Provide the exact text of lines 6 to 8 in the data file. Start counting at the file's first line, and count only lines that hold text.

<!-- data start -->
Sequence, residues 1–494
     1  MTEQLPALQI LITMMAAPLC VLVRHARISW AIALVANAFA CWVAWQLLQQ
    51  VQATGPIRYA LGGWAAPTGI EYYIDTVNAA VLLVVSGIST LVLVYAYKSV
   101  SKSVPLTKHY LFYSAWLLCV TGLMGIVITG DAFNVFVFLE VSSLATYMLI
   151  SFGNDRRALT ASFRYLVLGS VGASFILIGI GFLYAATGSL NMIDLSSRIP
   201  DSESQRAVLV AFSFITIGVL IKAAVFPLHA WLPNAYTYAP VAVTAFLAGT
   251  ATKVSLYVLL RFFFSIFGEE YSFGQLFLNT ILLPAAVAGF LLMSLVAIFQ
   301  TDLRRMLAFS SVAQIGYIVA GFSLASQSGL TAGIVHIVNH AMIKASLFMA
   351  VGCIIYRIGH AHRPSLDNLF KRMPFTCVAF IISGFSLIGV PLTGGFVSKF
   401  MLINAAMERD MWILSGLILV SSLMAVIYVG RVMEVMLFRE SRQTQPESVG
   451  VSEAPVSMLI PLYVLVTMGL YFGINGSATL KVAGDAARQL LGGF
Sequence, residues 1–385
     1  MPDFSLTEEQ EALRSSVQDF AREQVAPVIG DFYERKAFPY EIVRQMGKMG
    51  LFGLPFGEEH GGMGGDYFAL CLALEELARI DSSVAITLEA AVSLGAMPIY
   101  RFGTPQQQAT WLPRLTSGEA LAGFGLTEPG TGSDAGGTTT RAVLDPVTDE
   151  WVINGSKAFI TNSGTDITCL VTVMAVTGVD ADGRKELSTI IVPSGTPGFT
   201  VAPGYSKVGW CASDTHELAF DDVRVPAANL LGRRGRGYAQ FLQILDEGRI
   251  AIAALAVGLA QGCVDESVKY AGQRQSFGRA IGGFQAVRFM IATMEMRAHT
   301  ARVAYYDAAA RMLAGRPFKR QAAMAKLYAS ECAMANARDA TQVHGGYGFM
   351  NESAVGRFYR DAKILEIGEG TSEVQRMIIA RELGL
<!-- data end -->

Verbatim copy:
   201  DSESQRAVLV AFSFITIGVL IKAAVFPLHA WLPNAYTYAP VAVTAFLAGT
   251  ATKVSLYVLL RFFFSIFGEE YSFGQLFLNT ILLPAAVAGF LLMSLVAIFQ
   301  TDLRRMLAFS SVAQIGYIVA GFSLASQSGL TAGIVHIVNH AMIKASLFMA